Brussels sprouts can be a bit of a tricky dish. They are incredibly nutrient-dense, and like other nutrient-dense vegetables such as kale and bok-choy, their flavor is quite unique. Sometimes brussels sprouts are not a crowd favorite because of their natural bitterness.
If you don’t like brussels sprouts, give these a try anyway. They subscribe to the ‘butter makes everything better,’ philosophy. And with the addition of bacon, this recipe brings such a delicious flavor to balance out that natural bitterness, you will be sure to love them!
Just like the my balsamic onions recipe, these are extremely easy to make. All you have to do is follow a few simple steps and you will be left with a tasty dish.
Difficulty: PERFECT FOR BEGINNERS!
the importance of lemon zest
Lemon zest is made by finely grating the yellow peel of the lemon. Sounds bitter but, when incorporated well into a dish, leaves you with vibrant bits of lemony flavor. We will be using only 1/8th of a cup of lemon zest in this recipe to avoid contributing to the natural bitter flavor of the brussels sprouts while still providing a unique citrus kick.
When a recipe calls for lemon zest, it can be an easy step to ignore. Zesting a lemon takes time and effort and sometimes feels as though it does not contribute enough to the recipe. This is a mistake that I have made in the past. Once I started putting in the effort and adding lemon zest to the recipes, it completely changed the game. Lemon zest has such a powerful and complementary flavor, it shouldn’t be skipped. (unless you don’t have anything to zest with)
Lemon zest also pairs nicely with sweets. Try adding it to pound cake or sugar cookies for an added pop of color and flavor.
about brussels sprouts
Brussels sprouts are rich in nutrients including vitamins C, K, B and folate. That being said, they are also almost entirely water with some carbs and protein and virtually no fat. They are in the cabbage family along with other cruciferous vegetables meaning that they contain an important phytochemical called sulforaphane which protects your cells from damage or destruction.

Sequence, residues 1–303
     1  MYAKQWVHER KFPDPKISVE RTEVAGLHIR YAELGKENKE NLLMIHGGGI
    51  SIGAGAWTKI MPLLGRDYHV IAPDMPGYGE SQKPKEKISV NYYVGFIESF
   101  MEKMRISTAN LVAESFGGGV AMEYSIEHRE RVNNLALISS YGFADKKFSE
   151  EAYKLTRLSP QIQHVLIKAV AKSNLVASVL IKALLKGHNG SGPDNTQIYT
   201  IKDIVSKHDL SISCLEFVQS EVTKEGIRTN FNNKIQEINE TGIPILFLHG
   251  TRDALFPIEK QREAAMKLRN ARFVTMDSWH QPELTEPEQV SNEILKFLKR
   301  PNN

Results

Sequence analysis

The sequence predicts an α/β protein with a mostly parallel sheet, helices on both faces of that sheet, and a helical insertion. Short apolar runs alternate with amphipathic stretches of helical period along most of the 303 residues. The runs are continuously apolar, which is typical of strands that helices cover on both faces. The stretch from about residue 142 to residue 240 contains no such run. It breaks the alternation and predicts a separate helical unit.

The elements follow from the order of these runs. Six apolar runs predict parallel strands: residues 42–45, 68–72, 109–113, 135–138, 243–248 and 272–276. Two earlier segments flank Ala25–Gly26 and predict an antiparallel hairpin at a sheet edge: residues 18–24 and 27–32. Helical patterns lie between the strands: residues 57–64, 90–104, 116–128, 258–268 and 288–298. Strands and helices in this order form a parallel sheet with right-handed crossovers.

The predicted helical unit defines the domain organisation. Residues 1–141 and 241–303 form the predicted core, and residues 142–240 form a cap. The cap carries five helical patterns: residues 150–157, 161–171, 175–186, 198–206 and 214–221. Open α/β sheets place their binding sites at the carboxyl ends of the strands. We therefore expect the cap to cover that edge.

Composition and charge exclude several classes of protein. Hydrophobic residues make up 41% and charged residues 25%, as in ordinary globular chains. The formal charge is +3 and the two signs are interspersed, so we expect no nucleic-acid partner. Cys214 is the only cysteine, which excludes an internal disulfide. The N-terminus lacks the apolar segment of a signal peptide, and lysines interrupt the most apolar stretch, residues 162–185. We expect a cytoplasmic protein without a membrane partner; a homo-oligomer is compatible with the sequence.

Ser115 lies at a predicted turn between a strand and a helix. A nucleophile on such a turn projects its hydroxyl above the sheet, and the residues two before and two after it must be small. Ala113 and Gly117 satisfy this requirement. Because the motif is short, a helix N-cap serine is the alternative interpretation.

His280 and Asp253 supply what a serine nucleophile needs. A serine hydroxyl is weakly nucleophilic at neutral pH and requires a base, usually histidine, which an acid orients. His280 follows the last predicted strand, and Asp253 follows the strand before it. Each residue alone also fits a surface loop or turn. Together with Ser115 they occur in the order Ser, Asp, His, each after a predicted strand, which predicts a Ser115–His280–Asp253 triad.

Brussels sprouts get their name due to their popularity in northern Europe but actually originate from Asia. Now they are mostly grown mostly in the Netherlands, Germany and the United Kingdom.
Brussels sprouts are extremely low in all of the macronutrients. However, the addition of butter and bacon adds protein and fat to this recipe.
- Protien 12% 12%
- Carbs 20% 20%
- Fat 24% 24%
- 1/2 stick butter
- 6-8 cloves garlic
- 3 tablespoons dried or fresh dill
- 1 tablespoon paprika
- 1 tablespoons salt
- 24 oz fresh brussels sprouts- quartered
- 1/8th cup lemon zest
- 1/4 cup raw bacon
- 1 tablespoon garlic powder
- 1/2 cup sliced mushrooms (optional)
- juice of 1 lemon
Step by Step Instructions
Start washing your brussels sprouts thoroughly and cutting them into quarters. Peel and half your garlic cloves.
Preheat the oven to 400 degrees Farenheit. On a nonstick baking tray, place your quartered brussels sprouts, mushrooms and halved garlic cloves.
Cut your butter into small pieces and distribute it on the pan. Add all of the seasonings and the lemon zest. Then add the lemon juice and mix well. (clean hands are great for mixing)
Bake uncovered at 400 degrees for 30 minutes, and then stir and bake for another 20 to 30 minutes.
Cut the bacon into small cubes. In a small pan, cook the bacon until crispy. Then, add the bacon to the finished brussels sprouts and mix well.